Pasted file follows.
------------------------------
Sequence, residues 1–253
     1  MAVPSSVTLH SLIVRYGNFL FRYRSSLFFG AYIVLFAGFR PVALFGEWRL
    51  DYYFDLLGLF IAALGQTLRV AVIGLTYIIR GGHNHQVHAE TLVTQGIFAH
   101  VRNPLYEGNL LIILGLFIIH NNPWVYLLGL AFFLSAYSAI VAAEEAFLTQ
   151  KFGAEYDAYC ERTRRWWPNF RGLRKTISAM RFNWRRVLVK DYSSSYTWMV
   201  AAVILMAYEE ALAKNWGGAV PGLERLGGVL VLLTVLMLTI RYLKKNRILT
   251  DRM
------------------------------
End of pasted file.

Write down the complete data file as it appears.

Sequence, residues 1–253
     1  MAVPSSVTLH SLIVRYGNFL FRYRSSLFFG AYIVLFAGFR PVALFGEWRL
    51  DYYFDLLGLF IAALGQTLRV AVIGLTYIIR GGHNHQVHAE TLVTQGIFAH
   101  VRNPLYEGNL LIILGLFIIH NNPWVYLLGL AFFLSAYSAI VAAEEAFLTQ
   151  KFGAEYDAYC ERTRRWWPNF RGLRKTISAM RFNWRRVLVK DYSSSYTWMV
   201  AAVILMAYEE ALAKNWGGAV PGLERLGGVL VLLTVLMLTI RYLKKNRILT
   251  DRM